Military personnel to treat civilians after restrictions limit patients sent to ship, field hospitals
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WASHINGTON — Medical support from the Defense Department to help battle the coronavirus pandemic will be expanded in three states to treat patients with the illness, a day after the captains of the Navy’s hospital ships reported receiving fewer than two dozen patients during the past week.
The Defense Department announced Friday that it had received a request from the Federal Emergency Management Agency to provide medical support to patients with the coronavirus at three federal medical stations: the Jacob K. Javits Convention Center in New York City; the Ernest N. Morial Convention Center in New Orleans, and the Kay Bailey Hutchison Convention Center in Dallas.
The Pentagon also said it would soon add hundreds of additional medical professionals to its pandemic response. Jonathan Hoffman, the Pentagon’s chief spokesman, said the military would add 350 additional doctors and 500 nurses to aid in the coronavirus-related efforts. The military so far has deployed about 400 doctors and 1,000 nurses, he said.
The Javits center has soldiers from Fort Campbell’s 531st Hospital Center and Fort Hood’s 9th Hospital Center providing support, while the Texas and Louisiana locations are expecting medical personnel from the Navy who are based out of Jacksonville, Fla.
Previously, the Pentagon said they would not provide care to coronavirus patients, but only treat non-coronavirus patients in order to free up beds at local hospitals for people with the virus.
Now, military medical staff will treat coronavirus patients who are recovering from the virus and “low-acuity” patients such as people experiencing non-traumatic injuries and mild pain.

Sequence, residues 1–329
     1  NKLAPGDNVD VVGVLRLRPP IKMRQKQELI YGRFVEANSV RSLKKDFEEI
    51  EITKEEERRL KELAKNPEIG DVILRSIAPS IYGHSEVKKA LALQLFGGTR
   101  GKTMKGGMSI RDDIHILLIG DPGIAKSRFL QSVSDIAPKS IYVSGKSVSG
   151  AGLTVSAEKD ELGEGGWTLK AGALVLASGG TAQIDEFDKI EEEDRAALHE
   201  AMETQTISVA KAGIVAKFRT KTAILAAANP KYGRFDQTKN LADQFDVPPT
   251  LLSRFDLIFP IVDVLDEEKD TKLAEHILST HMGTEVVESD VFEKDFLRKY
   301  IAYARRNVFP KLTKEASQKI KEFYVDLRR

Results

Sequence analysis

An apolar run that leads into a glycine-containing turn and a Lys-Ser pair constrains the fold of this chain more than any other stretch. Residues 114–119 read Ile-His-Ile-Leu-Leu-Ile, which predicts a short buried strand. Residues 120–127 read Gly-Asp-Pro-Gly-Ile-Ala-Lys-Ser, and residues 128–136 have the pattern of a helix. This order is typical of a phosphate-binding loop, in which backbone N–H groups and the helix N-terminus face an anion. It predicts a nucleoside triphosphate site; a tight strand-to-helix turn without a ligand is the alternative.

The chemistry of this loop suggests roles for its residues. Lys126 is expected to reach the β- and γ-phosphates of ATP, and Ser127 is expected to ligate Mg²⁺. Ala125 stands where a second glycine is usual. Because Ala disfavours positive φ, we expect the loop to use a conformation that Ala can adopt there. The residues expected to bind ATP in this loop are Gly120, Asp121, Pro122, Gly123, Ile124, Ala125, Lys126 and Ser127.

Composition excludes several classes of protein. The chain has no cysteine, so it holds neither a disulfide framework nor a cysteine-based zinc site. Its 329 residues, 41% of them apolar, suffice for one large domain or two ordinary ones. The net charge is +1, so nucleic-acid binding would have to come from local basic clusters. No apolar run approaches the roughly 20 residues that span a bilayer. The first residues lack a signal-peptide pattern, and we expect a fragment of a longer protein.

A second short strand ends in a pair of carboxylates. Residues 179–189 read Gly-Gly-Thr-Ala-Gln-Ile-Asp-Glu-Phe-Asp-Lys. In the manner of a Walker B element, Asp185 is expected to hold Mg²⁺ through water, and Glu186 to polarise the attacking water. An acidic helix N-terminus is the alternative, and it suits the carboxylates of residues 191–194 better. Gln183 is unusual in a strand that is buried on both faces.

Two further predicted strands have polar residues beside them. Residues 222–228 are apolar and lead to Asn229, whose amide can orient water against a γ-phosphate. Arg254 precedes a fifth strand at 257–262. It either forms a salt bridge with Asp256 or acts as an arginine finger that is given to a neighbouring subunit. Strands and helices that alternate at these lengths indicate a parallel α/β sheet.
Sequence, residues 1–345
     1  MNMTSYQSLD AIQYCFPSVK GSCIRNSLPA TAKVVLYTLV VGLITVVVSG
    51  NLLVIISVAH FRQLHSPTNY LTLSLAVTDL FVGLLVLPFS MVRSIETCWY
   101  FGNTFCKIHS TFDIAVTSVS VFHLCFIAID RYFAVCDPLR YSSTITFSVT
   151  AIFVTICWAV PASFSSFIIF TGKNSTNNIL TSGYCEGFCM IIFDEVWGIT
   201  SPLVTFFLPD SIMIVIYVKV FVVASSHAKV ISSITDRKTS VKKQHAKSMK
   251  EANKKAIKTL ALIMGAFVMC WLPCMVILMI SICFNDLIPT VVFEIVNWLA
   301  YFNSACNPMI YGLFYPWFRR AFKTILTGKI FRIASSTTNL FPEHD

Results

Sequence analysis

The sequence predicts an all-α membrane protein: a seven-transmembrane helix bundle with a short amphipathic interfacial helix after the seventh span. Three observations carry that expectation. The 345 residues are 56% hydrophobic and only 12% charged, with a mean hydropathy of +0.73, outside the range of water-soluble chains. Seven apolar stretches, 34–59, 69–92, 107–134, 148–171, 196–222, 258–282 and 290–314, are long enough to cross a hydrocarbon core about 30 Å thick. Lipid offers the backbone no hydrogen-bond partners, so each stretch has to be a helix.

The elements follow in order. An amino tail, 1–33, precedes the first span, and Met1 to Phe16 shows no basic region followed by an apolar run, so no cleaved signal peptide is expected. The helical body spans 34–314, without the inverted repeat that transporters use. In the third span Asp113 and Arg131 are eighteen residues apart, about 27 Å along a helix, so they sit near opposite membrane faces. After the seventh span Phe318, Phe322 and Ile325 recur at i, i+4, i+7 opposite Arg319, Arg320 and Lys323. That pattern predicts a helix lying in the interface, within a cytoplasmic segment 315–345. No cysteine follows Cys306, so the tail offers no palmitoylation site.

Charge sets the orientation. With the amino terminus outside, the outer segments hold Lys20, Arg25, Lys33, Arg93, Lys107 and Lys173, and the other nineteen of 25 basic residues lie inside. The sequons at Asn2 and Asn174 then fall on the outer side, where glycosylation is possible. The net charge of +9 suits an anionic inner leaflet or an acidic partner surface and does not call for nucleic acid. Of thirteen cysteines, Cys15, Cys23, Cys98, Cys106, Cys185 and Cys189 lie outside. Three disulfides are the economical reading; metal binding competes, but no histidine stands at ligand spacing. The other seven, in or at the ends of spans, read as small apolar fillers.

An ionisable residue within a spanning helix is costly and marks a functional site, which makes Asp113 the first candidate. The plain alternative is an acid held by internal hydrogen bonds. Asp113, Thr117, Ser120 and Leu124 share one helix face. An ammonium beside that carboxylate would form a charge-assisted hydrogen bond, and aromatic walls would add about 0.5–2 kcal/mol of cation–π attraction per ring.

The increase in patient care comes a day after the captains of the USNS Mercy, in port in Los Angeles, and the USNS Comfort, in port in New York City, said in a Pentagon briefing that they had only received less than 20 patients between them since they started accepting patients. The Comfort had only started to take patients Wednesday and the Mercy has been accepting patients for almost a week. Each ship has the capacity to accept 1,000 adult patients.
Both captains said they were being referred non-coronavirus hospital patients by local health officials. The patients had to be screened, tested and found negative for the virus before being transferred aboard the ships.
The USNS Comfort will now screen patients for coronavirus at its pier instead of waiting for a negative test in order to help relieve New York City hospital backlogs, according to the Pentagon statement. The statement did not say whether the Mercy would also start screening patients for coronavirus.
The expanded support will allow local hospitals to treat more serious coronavirus patients, the Pentagon said, and they will work with local officials to implement the new details.
The changes to allow coronavirus patients in New York, Texas, and Louisiana comes with an increased risk of virus spread in the medical facilities at the convention centers as well as to staff and other patients.
“This decision was risk-informed and made to ensure that DoD can continue to provide these local communities the type of medical care they most need,” according to the statement. “Force health protection is a top priority and our medical professionals will have the required personal protective equipment needed for this mission.”
Hoffman on Friday did not rule out the Mercy and Comfort eventually accepting coronavirus patients. But he said a decision on that was “not imminent.”
Additionally, Hoffman announced the Pentagon would double the number of N95 respirator masks that it would provide the Department of Health and Human Services from its strategic stockpile to 10 million. The Pentagon announced March 17 that it would send 5 million masks to HHS. As of Thursday, the Pentagon had shipped about 2 million of the masks.
Stars and Stripes reporter Corey Dickstein contributed to this report.